Angkor Seen From the Endeavor Satellite, April & October 1994

Published: 1994

SIR-C/X-SAR (Space-borne Imaging Radar-C/X-Band Synthetic Aperture Radar) was a joint mission of the United States, German and Italian space agencies. The Jet Propulsion Laboratory built and managed the Spaceborne Imaging Radar-C portion of the mission for NASA's Office of Mission to Planet Earth.

In 1994, the World Monument Fund and the Royal Angkor Foundation approached American space agency NASA about the possibility of observing Angkor from space. The aim was to gather data to allow better documentation and monitoring of Angkor, as well as allowing a reinterpretation of the origins and prehistory of the ancient city. NASA responded by taking a unique look at Angkor from the space shuttle Endeavor. To be able to see through the dense jungle that surrounds Angkor, astronauts used the Earth imaging system X-SAR to study areas of cultural, natural and archaeological importance. The areas observed were mainly in Laos, Thailand, Vietnam and Cambodia, including the city of Angkor. The SIR-C/X-SAR was carried in the payload bay of the space shuttle which flew upside down, aiming the instrument at Earth. As Endeavour passed overhead, SIR-C/X-SAR transmitted a wide beam of microwave radiation to the Earth. Information like this is essential if scientists are to understand the Earth's ecosystem, and the impact humans are having on it. The low power involved-penetrated cloud cover, vegetation, even sand, reflecting off more substantial structures such as rocks and buildings.

The reflected microwave radiation was recorded by the system which built up an image of a wide strip of land during each orbit. After a number of orbits the SIR-C/X-SAR covered the entire site being observed. The results of the 1994 flight were presented in April 1994 this year at a Radar Imaging and Cultural Resource Management symposium at the University of Florida.

Images from the international Space Radar Laboratory may help researchers find previously unknown settlements near the ancient city of Angkor in Cambodia. The radar data were obtained during the October 1994 flight of the space shuttle Endeavour, processed and then sent in January to the World Monuments Fund in New York City. The group had approached the radar science team about observing the Angkor area after the Space Radar Laboratory's first flight in April 1994.

"I had read about the radar mission while the April mission was in progress and instantly surmised that it would have applications to the international research efforts at Angkor," said John Stubbs, program director of the World Monuments Fund. "I didn't really know where to start, but I was hopeful NASA would be willing to image the area around Angkor."

The April 1994 flight of the Space Radar Laboratory's complementary radars -- the Spaceborne Imaging Radar-C/X-band Synthetic Aperture Radar (SIR-C/X-SAR) -- first demonstrated their capability to obtain vast amounts of data that could be used to advance many disciplines, including ecological, oceanographic, geologic and agricultural investigations.

"We realized after the huge success of the first flight that we could be more flexible in adding new sites to the timeline of flight two," said Dr. Diane Evans, the SIR-C project scientist at NASA's Jet Propulsion Laboratory. "Since our science team was interested in studying as much of the tropical rainforest as possible, Cambodia and the Angkor site complemented our ecology objectives." "The 'temple mountain' monuments at Angkor, such as Angkor Wat and the Bayon, are not unlike some of the pyramid-like forms encountered in Central America," Stubbs said. "The sheer size and sophistication of Angkor's great city plan, now enveloped in dense jungle, set this ancient capital apart as the ultimate jungle ruin."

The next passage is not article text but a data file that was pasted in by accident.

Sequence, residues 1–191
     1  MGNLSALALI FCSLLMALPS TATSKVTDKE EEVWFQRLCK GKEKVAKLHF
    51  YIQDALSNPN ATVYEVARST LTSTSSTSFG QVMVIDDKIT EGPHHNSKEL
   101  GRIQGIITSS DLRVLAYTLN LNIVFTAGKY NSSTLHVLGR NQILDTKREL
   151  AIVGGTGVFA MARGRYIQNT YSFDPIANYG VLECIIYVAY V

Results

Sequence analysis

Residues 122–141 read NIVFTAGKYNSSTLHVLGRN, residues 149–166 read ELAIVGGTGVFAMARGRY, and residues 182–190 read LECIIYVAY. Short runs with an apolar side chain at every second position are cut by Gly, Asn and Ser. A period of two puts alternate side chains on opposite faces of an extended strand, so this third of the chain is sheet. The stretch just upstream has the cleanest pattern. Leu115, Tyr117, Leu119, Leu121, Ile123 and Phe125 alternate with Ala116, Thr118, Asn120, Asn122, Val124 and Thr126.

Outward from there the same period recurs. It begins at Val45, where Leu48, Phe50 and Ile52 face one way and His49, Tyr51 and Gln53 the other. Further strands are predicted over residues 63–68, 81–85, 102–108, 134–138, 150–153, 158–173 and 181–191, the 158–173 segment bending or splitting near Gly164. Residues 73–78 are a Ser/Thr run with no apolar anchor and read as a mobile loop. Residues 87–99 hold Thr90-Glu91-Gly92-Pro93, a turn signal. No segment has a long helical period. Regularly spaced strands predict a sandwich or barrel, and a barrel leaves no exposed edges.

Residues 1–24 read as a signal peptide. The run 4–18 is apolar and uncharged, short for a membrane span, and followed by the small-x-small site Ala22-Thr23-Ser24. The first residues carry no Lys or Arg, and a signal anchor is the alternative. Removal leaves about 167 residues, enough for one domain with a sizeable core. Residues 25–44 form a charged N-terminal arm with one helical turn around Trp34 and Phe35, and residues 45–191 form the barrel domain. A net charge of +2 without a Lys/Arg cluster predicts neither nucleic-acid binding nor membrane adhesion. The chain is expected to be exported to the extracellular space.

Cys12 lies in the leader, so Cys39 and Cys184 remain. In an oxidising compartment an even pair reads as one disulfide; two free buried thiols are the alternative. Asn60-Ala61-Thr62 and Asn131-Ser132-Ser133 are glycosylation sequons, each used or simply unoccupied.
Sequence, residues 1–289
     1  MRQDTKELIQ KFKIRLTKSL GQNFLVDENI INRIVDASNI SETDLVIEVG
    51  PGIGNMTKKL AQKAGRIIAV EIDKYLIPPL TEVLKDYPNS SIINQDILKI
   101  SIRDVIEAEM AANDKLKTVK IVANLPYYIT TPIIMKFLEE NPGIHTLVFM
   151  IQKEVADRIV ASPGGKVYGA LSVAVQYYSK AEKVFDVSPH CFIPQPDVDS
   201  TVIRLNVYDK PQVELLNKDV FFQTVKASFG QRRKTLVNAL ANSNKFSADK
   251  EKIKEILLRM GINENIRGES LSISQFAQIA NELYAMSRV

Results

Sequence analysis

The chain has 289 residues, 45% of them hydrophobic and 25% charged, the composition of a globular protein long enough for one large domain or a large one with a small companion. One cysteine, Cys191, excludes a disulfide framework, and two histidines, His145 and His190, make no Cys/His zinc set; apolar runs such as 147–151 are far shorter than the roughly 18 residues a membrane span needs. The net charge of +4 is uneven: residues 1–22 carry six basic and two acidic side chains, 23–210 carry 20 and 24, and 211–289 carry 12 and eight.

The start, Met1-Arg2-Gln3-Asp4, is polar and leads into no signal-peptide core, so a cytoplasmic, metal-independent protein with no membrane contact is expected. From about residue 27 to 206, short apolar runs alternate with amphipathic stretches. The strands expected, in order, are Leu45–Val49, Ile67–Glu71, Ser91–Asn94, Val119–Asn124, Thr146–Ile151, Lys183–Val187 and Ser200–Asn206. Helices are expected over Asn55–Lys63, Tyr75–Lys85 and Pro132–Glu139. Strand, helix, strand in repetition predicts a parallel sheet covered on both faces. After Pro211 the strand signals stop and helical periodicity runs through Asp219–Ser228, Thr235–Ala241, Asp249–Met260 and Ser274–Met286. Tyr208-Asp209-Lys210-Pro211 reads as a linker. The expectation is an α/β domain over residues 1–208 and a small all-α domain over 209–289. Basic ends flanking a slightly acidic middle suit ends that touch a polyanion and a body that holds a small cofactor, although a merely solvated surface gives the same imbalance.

(ref: 7 Fev. 1995 announcement, TSGC (Texas Space Grant Consortium))

According to Imran Vittachi (Phnom Penh Post, 19 Apr. 1996), "the advantage of radar imaging is that, unlike aerial and orbital photography, it does not have to rely on visible light to produce good pictures taken from different angles. It is especially difficult to carry out remote sensing on tropical areas using older technologies, say scientists, as monsoon rains often leave vast areas obscured by clouds. Although the radioactive signals work best on arid landscapes - where they can penetrateto depths of five meters - they nevertheless can expose subtle disturbances in the topography and foliage which have not been spotted before. So far the use of radar-imagery labs has led to the discovery of the ancient desert city of Ubar in Oman, and silk road outposts in China's northwestern reaches. In Cambodia, the use of radar sensors has already led to the detection of 68 prehistoric mounds near Ak-yum and Roluos. Archaeologists suspect these may date as far back as 5000BC. "Angkor seen from the air is defined by water features which are highly reflective of radar energy," says Dr. Elizabeth H. Moore, researcher at the School of Oriental and African Studies in London. "The importance of water to the Khmer, and the sensitivity of radar for mapping the hydraulic landscape, make the NASA SIR-C/X-SAR an ideal remote sensing tool for Angkor."

Read also 'From the Viewpoint of the Gods'

(by Geoff McNamara, Angkor in-flight magazine, Jan-March 1997 | digitized by the Queen Mother Library, Phnom Penh)

The hi-resolution photography comes from the Center for Space Study, Austin, Texas, USA. Online archive from the center are available only up to year 2015 so far (Sept. 2022).

Tags: space, satellite radar, imaging, Angkor site, World Monument Fund